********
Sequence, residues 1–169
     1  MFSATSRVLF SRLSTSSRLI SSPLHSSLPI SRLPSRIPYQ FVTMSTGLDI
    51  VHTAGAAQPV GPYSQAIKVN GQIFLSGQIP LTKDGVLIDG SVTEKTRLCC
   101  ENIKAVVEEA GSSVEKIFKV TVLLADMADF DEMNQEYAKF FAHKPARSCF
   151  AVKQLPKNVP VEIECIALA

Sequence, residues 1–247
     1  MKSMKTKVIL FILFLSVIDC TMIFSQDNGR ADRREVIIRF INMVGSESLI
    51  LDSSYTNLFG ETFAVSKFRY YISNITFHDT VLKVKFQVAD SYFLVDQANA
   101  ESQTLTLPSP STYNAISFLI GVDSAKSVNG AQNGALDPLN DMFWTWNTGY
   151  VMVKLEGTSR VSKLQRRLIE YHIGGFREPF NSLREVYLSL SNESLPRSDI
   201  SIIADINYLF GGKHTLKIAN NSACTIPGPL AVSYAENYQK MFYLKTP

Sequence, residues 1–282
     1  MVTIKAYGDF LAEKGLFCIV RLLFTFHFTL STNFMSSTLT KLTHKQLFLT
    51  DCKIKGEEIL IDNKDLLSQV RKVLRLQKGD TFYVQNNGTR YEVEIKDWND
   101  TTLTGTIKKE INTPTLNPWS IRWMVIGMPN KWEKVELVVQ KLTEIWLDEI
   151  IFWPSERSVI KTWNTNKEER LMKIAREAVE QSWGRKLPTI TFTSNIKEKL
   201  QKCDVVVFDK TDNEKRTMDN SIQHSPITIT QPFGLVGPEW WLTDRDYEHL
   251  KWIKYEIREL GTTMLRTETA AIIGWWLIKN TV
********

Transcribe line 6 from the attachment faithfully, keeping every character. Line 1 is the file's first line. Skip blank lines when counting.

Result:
Sequence, residues 1–247